Glenwood Springs’ waterways on path to recovery following record debris flows |

Glenwood Springs’ waterways on path to recovery following record debris flows

Aquatic species in the Colorado River weathered the summer’s debris flow events better than Colorado Parks and Wildlife anticipated, a CPW spokesperson said.

While creatures within No Name and Grizzly creeks were all but wiped out in some sections of the waterways, CPW Aquatic Wildlife Biologist Kendall Bakich said several species were already recuperating.

“We know that things have survived (in No Name Creek), and they are going to persist,” Bakich said. “Fish are going to move after events like these debris flows. They are going to go find better conditions.”

During a webinar Wednesday, Bakich and consulting engineer Leanna Miller briefed attendees about impacted waterways following the debris-flow events that occurred in late June and early August.

“We are likely to see elevated sediment loading in the No Name and Grizzly Creek sources after rain events for the next three to five years,” Miller said. “The existing treatment plant is capable of handling these challenges after the improvements project last year.”

During the height of the debris flows, Miller said the city’s No Name and Grizzly creeks intake experienced record turbidity, a measure of the sediment in the water, spiking at about 4,000 nephelometric turbidity units. Prior to the historic rain events that caused the debris flows, the intake had not experienced turbidity higher than 50 NTU, Miller said.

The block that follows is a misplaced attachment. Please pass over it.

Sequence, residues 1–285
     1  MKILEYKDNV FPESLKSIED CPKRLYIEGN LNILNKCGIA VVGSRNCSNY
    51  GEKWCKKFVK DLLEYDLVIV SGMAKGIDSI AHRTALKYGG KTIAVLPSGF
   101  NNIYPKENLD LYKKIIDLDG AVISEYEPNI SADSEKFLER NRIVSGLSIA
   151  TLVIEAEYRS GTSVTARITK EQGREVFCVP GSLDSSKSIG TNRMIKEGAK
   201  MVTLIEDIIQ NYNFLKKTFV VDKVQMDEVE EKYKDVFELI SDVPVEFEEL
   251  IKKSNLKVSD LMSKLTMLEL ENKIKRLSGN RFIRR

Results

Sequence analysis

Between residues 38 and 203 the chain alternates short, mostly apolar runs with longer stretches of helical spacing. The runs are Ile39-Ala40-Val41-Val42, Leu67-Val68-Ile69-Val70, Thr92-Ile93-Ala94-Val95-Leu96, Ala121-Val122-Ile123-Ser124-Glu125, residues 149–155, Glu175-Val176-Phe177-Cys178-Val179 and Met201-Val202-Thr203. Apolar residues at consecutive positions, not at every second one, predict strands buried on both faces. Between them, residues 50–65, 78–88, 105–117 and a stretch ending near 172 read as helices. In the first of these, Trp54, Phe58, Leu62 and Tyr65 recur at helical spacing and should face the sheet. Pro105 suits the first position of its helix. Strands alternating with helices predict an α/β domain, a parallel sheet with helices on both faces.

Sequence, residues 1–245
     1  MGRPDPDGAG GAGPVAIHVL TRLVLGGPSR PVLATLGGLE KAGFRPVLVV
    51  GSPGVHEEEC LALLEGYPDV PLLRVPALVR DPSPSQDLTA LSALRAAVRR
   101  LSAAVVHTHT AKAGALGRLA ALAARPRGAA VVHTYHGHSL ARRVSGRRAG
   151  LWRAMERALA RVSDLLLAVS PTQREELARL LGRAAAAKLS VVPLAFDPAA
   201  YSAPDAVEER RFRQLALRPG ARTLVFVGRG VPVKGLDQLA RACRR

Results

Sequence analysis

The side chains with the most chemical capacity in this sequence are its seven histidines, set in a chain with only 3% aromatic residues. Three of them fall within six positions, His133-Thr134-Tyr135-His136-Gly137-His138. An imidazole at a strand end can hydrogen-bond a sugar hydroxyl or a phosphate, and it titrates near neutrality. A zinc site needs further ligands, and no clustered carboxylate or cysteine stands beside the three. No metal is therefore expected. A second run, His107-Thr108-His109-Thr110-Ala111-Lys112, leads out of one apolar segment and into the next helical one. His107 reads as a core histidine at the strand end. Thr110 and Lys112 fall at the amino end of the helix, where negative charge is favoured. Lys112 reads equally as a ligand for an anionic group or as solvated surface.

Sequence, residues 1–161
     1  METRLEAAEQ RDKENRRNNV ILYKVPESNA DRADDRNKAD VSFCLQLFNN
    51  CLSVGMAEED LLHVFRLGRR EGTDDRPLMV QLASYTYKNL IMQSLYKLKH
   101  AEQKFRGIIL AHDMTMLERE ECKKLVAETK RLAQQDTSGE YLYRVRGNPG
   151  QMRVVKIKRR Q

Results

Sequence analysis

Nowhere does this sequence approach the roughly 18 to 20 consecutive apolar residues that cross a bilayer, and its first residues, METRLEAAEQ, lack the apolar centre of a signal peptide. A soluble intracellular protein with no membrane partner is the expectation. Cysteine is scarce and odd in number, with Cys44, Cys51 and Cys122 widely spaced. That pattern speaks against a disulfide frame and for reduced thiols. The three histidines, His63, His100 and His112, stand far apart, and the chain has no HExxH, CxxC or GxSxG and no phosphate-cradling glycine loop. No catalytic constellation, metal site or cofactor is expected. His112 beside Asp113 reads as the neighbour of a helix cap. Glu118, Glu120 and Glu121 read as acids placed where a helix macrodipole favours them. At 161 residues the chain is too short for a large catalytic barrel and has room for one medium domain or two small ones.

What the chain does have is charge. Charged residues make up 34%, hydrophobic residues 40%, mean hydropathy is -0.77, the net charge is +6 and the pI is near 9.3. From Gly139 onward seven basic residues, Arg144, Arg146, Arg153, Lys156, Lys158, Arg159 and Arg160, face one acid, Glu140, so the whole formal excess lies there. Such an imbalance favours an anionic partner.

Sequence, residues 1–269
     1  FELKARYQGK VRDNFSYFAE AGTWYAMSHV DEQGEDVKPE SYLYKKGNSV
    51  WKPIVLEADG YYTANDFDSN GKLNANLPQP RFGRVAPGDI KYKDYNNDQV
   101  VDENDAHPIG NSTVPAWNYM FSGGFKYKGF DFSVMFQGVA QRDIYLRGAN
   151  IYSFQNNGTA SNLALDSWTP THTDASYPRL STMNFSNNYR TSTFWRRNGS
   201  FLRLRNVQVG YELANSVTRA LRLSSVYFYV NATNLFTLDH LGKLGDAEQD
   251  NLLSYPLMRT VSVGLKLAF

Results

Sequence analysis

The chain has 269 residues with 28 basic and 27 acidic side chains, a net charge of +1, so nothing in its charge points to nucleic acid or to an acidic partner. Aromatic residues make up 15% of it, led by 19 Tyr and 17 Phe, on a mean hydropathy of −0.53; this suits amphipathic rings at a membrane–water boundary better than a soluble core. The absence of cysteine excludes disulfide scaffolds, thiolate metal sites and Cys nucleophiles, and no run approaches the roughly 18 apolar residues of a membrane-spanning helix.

In anticipation of debris flows from the Grizzly Creek Fire burn scar and as a result of this summer’s historic rain events, Glenwood Springs invested about $8.5 million in water infrastructure upgrades, Mayor Jonathan Godes said.

Following the infrastructure upgrades, the city can treat about 8.56 million gallons a day and store up to 6 million gallons.

“On the hottest summer days, the city uses up to 4 million gallons a day,” Godes said.

Miller said the upgrades could extend the life of the city’s water treatment facilities, some of which were built in the 1970s.

“A new facility, if paid for today, could cost the city up to $30 (million) to $40 million,” she said. “Unfortunately, water infrastructure upgrades are extremely expensive.”

Although debris flows were at their worst in areas scarred by the Grizzly Creek Fire, Miller said the fire itself did not significantly impact the watersheds of No Name and Grizzly creeks, Miller said.

“The fire impacted about 2.9% of the Grizzly Creek watershed,” she said, “and about 9.2% of the No Name watershed.”

Although the debris flows killed some aquatic wildlife, either through blunt trauma or fine silt drawn into their gills, Bakich said adding downed trees, boulders and large sediment to the waterways could eventually improve fish habitat.

“We will see the river start to recover in about five to eight years,” she said. “As our landscape is stabilizing, debris flows will become less frequent and less severe.”

Reporter Ike Fredregill can be reached at 970-384-9154 or by email at

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